Practical English in the Department of English and American Studies at the Europa-University Flensburg
Practical English is the foundation upon which our degree programs in English and American Studies are built. Because the majority of our students intend to become teachers of the English language, they must demonstrate an above-average competence in the everyday use of the language itself, apart from their achievements in literature, cultural studies, linguistics, or didactics. While a certain mastery of English is required for a student to enroll in the English BA program, we expect future teachers to act as models for their students, and they should therefore exhibit excellence across oral and written English in areas of both reception and production. To this end, we offer a total of five required courses in practical English, beginning in the first semester. Alongside these required courses, we offer a number of opportunities for students to practice their English in a less formal environment as well, including English Games Night and the Theater in English group, both hosted within our department. We also highly encourage students to spend a semester abroad in an English-speaking country, to further develop and reinforce their language skills.
Module 2 of the Course of Study for the English BA degree is Practical English I: Basic Structures. This module spans the first and second semesters and culminates in an individual oral exam (during the summer term) which evaluates the student’s overall oral competence. The course English Grammar (BA-1, winter term) begins with the assumption that the student understands the basic rules of written English, and deals primarily with (1) examples of exceptions to those rules; (2) advanced topics of more complex sentence structure, such as the subjunctive, subject-verb inversion, and relative and subordinate clauses; and (3) typical mistakes made by German learners of English due to the differences between German and English grammatical structures. After successful completion of Grammar, students enroll in English Pronunciation (BA-2) in the summer term. This course has two aims: (1) to help reduce primary-language interference in the students’ own oral production, and (2) to introduce students to concepts and exercises that they may then apply as they later teach others appropriate English pronunciation. Within this module is also an Independent Studies element, in which the students read and prepare two short stories (a different selection each year) as material for discussion in the module exam, the individual oral exam mentioned above. Successful completion of Module 2 is a requirement for students to continue their studies in the English BA program.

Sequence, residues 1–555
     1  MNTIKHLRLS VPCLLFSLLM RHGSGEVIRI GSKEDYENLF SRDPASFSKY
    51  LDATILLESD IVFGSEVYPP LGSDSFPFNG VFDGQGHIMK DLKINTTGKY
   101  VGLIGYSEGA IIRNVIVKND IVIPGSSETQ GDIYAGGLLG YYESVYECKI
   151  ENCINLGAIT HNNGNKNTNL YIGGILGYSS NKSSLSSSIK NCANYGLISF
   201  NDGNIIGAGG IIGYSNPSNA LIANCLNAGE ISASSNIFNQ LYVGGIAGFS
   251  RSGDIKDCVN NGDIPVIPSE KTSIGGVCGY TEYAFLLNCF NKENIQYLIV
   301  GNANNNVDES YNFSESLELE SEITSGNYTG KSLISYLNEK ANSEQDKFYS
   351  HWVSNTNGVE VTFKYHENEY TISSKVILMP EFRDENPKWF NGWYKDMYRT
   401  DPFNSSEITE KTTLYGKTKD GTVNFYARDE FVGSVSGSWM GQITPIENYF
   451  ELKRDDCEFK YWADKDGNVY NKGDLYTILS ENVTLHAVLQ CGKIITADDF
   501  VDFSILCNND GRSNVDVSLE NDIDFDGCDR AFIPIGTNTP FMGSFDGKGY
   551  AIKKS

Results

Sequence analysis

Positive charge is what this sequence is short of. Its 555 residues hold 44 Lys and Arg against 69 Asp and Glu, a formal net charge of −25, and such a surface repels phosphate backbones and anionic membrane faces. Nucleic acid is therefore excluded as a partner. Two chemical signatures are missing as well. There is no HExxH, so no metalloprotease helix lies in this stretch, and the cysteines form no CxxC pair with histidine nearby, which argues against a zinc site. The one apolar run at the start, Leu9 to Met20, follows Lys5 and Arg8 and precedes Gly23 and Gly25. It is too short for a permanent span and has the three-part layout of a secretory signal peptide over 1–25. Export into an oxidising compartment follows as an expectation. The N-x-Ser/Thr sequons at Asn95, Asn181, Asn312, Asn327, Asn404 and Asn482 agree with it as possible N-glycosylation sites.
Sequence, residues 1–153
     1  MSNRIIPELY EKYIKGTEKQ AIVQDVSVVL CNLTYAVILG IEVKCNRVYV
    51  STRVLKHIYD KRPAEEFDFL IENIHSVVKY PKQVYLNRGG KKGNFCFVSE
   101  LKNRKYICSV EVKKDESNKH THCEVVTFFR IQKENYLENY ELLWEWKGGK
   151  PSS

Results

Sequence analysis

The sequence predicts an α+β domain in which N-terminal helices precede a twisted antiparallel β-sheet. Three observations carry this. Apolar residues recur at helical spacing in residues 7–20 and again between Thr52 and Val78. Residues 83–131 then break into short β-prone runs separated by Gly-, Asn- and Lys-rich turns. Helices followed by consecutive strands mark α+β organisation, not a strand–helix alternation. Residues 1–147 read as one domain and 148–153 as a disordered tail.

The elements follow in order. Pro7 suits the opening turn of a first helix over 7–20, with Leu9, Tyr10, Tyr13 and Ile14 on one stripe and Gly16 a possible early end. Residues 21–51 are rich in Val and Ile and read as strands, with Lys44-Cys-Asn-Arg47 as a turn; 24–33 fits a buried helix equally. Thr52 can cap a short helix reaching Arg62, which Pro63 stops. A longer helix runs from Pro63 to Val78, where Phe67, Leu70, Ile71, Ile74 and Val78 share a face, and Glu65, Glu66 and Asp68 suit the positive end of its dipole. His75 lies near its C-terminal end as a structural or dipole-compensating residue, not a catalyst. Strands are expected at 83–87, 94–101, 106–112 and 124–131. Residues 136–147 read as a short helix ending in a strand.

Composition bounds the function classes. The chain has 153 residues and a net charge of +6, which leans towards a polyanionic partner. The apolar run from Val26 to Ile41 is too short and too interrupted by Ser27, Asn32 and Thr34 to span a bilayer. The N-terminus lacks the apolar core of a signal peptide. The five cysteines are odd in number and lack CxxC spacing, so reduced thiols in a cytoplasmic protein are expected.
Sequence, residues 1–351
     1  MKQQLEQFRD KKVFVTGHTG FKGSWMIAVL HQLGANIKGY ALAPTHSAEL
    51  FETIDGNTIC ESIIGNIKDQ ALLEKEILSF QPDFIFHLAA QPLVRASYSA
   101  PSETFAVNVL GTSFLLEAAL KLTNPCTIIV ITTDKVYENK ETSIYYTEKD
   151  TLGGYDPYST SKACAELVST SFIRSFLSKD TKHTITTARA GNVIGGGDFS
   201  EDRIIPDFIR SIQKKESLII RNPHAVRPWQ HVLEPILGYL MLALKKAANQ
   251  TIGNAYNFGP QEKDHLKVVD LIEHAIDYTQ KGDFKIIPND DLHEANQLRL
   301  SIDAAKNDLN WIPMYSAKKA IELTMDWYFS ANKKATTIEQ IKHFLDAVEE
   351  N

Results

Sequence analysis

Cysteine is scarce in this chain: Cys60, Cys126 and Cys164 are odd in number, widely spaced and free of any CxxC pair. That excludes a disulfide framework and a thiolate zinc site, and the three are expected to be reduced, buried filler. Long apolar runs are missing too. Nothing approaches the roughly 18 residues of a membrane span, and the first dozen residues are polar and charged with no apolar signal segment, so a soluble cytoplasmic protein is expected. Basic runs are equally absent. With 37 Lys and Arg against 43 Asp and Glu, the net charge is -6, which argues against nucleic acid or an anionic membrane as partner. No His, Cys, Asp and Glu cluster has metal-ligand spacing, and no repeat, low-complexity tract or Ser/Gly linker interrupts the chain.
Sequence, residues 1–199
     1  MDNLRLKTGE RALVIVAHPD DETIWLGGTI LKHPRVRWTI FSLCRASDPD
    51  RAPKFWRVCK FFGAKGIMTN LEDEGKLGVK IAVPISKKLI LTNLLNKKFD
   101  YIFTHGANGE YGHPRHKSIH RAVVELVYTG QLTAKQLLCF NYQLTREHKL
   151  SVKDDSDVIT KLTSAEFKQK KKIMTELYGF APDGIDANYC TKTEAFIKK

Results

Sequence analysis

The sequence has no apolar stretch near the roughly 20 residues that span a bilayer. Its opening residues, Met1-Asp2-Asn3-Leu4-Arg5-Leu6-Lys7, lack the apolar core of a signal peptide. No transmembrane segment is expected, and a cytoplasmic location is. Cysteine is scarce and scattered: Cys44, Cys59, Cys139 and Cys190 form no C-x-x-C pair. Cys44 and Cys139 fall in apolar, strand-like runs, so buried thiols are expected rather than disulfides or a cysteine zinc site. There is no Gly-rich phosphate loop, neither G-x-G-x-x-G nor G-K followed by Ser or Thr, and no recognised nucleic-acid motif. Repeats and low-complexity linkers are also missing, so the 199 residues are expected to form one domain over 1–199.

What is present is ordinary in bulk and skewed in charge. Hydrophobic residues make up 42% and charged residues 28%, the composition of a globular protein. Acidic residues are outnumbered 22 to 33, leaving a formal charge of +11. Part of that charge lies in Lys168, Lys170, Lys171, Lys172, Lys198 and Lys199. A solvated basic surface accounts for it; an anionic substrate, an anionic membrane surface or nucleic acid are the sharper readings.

Module 6, Practical English II: Focus on Language Production, is typically taken in the fifth semester, and consists of a course in Oral Communication and one in Writing Skills. The writing course builds upon the concepts covered in the earlier grammar course, including clarity and focus in longer written works. Topics covered include various essay styles, development of an argument in English, and research and citation of sources. We focus on the ways in which typical English academic writing differs from that in German, and give ample practice as well in editing and evaluating one’s own work and the work of others. In Oral Communication, students have the choice of a variety of different topics designed to practice their active oral reception and production. Sections in the past have included topics such as Presentation Skills, Classroom Communication, and Debate, as well as an annual theatrical production in conjunction with our Theater in English group. Module 6 culminates in a writing portfolio consisting of one or more writing samples from the Writing Skills course.
In addition to these two practical English modules, students take part in the course Translation, the practical portion of Module 4: TEFL, Transfer and Mediation. This course offers practice in German-to-English translation and its role in the English classroom, focusing on issues of information transfer, compensation, and equivalency between the two languages.